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13 John Eric Loney, et al. v. People of the Philippines

Criminal Procedure
John Eric Loney, et al. v. People of the Philippines
G.R. No. 152644
February 10, 2006
Petitioners John Eric Loney, Steven Paul Reid, and Pedro B. Hernandez are the
President and Chief Executive Officer, Senior Manager, and Resident Manager for Mining
Operations, respectively, of Marcopper Mining Corporation.
Marcopper had been storing tailings from its operations in a pit in Mt. Tapian,
Marinduque. At the base of the pit ran a drainage tunnel leading to the Boac and Makalupnit
rivers. It appears that Marcopper had placed a concrete plug at the tunnel’s end. On 24 March
1994, tailings gushed out of or near the tunnel’s end. In a few days, the Mt. Tapian pit had
discharged millions of tons of tailings into the Boac and Makalupnit rivers.
In August 1996, the DOJ separately charged petitioners in the MTC of Boac, with
violation of Article 91(B), sub-paragraphs 5 and 6 of the Water Code, Section 8 of National
Pollution Control Decree, Section 108 of the Philippine Mining Act of 1995, and Article
365 of the Revised Penal Code for Reckless Imprudence Resulting in Damage to Property.
Petitioners moved to quash the Informations, alleging that the Informations were
"duplicitous" as the DOJ charged more than one offense for a single act.
The MTC issued a Consolidated Order on 28 April 1997, granting partial
reconsideration to its Joint Order and quashing the Informations for violation of PD 1067 and
PD 984. The MTC maintained the Informations for violation of RA 7942 and Article 365 of
the RPC. The MTC held:
The Informations for violation of Anti-Pollution Law and the Water Code should be
dismissed/quashed because the elements constituting the aforesaid violations are
absorbed by the same elements which constitute violation of the Philippine Mining
RTC Branch 94 set aside the Consolidated Order in so far as it quashed the
Informations for violation of PD 1067 and PD 984 and ordered those charges reinstated.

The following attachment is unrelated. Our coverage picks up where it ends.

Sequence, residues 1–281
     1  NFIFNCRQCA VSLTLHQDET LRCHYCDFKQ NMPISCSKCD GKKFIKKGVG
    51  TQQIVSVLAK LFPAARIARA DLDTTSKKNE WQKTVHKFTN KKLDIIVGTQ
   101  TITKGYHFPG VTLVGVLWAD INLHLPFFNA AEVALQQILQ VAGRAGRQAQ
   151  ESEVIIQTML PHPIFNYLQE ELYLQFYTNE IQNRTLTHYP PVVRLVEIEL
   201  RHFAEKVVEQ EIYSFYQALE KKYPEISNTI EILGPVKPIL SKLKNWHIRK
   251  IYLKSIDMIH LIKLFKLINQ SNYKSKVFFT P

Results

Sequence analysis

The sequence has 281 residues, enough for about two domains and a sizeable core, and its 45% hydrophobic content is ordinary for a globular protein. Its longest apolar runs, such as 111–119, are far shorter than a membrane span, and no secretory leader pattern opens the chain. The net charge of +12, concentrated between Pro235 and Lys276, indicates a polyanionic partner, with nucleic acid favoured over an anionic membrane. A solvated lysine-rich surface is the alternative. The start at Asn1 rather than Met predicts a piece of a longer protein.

Petitioners filed a petition for certiorari with the CA. Petitioners contended that since
the acts complained of in the charges for violation of PD 1067, PD 984, and RA 7942 are
"the very same acts complained of" in the charge for violation of Article 365 of the RPC, the
latter absorbs the former. Hence, petitioners should only be prosecuted for violation of
Article 365 of the RPC.
The Court of Appeals affirmed Branch 94’s ruling.
Whether the DOJ filed duplicity of charges
NO. Duplicity of charges simply means a single complaint or information charges
more than one offense, as Section 13 of Rule 110 of the 1985 Rules of Criminal Procedure
clearly states:
Duplicity of offense. – A complaint or information must charge but one offense,
except only in those cases in which existing laws prescribe a single punishment for
various offenses.
Criminal Procedure
In short, there is duplicity (or multiplicity) of charges when a single Information
charges more than one offense.
Under Section 3(e), Rule 117 of the 1985 Rules of Criminal Procedure, duplicity of
offenses in a single information is a ground to quash the Information. The Rules prohibit the
filing of such Information to avoid confusing the accused in preparing his defense. Here,
however, the prosecution charged each petitioner with four offenses, with each Information
charging only one offense. Thus, petitioners erroneously invoke duplicity of charges as a
ground to quash the Informations. On this score alone, the petition deserves outright denial.
Petitioners contend that they should be charged with one offense only — Reckless
Imprudence Resulting in Damage to Property — because (1) all the charges filed against
them "proceed from and are based on a single act or incident of polluting the Boac and
Makalupnit rivers thru dumping of mine tailings" and (2) the charge for violation of Article
365 of the RPC "absorbs" the other charges since the element of "lack of necessary or
adequate protection, negligence, recklessness and imprudence" is common among them.
As early as the start of the last century, this Court had ruled that a single act or
incident might offend against two or more entirely distinct and unrelated provisions of law
thus justifying the prosecution of the accused for more than one offense.24 The only limit to
this rule is the Constitutional prohibition that no person shall be twice put in jeopardy of
punishment for "the same offense."
In Water Code, the additional element to be established is the dumping of mine
tailings into the Makulapnit River and the entire Boac River System without prior permit.
In Anti-Pollution Law, the existence of actual pollution must be proved.
In Philippine Mining Act, the additional fact that must be established is the willful
violation and gross neglect on the part of the accused to abide by the terms and conditions of
the Environmental Compliance Certificate, particularly that the Marcopper should ensure the
containment of run-off and silt materials from reaching the Mogpog and Boac Rivers.
On the other hand, the additional element that must be established in Art. 365 of the
Revised Penal Code is the lack of necessary or adequate precaution, negligence, recklessness
and imprudence on the part of the accused to prevent damage to property. Moreover, the
offenses punished by special law are mal[a] prohibita in contrast with those punished by the
Revised Penal Code which are mala in se.
Consequently, the filing of the multiple charges against petitioners, although based on
the same incident, is consistent with settled doctrine.